If you were alive in the late 90s, chances are you’ve heard at least one song from what is considered to be Massive Attack’s commercial and critical apex, 1998’s Mezzanine. It could be the lush, stunning classic “Teardrop” (its instrumental served as the theme for the medical drama House), the dark, sinister Horace Andy opener “Angel” or even the Turkish-influenced slow-burn hit “Inertia Creeps.” If you haven’t, that’s OK too, because this record is a wholly unique and sonically flawless gem, and it may confuse you as to how this was even released in 1998, with its ripples still being felt today. Robert Del Naja’s dominating influence on the creation of the album, and insistence on a change in direction, mood and instrumentation caused problems in the group. A decreasingly-involved Andrew Vowles disagreed with the direction the album was headed in, and eventually acrimoniously departed the band, leaving 3D and Daddy G a duo.
Cold, percussive militancy abounds, with earth-shaking synth rumbles and an overall darker tone, less steeped in hip-hop and R&B and more on futuristic electronics by way of the angular discordance of post-punk. A flawless selection of guests is here, with three divine, haunting appearances by Cocteau Twins vocalist Elizabeth Fraser, sensual crooning from Sara Jay on “Dissolved Girl” and a more dynamic Horace Andy throughout, expertly complementing the still super-cool whisper-raps of 3D and Daddy G. They’re notably excellent on the bar-raising, dubby/druggy single “Risingson” and within the intense, nightmarish, robotic grooves of the title track. The crisp, layered and tonally unique production, expert and unconventional arrangements and dreamy, hazy vocals paired with a new focus on live instrumentation set Mezzanine apart from not only the rest of Massive Attack’s catalog, but from anything to come out of the UK in the late 90s.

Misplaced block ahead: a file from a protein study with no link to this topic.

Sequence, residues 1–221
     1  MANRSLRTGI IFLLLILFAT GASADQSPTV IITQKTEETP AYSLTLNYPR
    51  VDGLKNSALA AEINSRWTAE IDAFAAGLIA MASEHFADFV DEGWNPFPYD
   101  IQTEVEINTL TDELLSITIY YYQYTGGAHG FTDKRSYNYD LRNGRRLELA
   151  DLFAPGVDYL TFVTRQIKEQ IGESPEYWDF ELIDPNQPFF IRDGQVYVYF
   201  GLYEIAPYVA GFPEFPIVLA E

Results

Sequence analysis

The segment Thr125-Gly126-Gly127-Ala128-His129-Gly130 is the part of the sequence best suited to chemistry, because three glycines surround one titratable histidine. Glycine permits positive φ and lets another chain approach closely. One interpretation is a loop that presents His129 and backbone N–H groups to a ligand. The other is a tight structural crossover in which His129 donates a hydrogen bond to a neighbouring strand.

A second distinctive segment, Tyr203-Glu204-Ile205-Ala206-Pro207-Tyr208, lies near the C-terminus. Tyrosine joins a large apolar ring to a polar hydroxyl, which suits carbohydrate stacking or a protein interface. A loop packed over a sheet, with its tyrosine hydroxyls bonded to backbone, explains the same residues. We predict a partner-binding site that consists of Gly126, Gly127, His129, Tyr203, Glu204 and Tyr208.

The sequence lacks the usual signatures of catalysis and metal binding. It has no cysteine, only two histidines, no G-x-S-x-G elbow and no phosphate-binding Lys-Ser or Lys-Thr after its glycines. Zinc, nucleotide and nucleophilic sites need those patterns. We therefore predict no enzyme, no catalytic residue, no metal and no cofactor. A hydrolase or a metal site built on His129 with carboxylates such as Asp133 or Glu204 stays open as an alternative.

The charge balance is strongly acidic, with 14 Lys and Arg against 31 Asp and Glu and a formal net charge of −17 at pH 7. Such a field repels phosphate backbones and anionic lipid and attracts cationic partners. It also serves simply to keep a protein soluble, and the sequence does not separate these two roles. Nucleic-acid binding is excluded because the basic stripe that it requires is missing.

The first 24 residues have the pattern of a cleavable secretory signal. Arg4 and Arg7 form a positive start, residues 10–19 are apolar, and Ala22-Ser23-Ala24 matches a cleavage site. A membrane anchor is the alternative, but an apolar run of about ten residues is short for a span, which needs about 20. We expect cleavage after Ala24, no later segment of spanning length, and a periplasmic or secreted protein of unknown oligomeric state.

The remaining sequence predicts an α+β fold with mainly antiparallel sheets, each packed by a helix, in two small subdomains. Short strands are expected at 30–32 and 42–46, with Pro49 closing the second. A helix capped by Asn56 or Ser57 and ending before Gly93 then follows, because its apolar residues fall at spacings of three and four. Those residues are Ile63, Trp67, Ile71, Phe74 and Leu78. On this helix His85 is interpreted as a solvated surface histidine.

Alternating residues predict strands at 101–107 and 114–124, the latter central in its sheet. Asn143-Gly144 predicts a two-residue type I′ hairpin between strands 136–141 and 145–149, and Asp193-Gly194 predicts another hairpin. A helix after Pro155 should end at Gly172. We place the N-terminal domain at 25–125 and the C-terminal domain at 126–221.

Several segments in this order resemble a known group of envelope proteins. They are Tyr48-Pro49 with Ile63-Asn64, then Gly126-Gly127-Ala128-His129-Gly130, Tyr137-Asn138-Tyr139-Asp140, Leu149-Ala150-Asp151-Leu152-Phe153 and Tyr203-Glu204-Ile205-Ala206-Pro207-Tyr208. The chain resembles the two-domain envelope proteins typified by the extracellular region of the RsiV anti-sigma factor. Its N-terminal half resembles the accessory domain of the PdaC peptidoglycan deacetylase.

This album would influence not only electronic-based music as a whole, but post-punk, indie rock and even unexpected genres like dream pop. If anything, just listen to eight-minute centerpiece “Group Four,” which famously juxtaposes the dreamy vocals of Fraser with the spoken word of Del Naja over menacing synthy clatter and explosive, aggressive guitars. Maybe hip-hop, R&B, jazz, funk, dub, or any of the styles explored on the first two Massive Attack releases aren’t your bag. You owe it to your ears to dig into this almost unclassifiable masterpiece, and finally realize what all the fuss was about.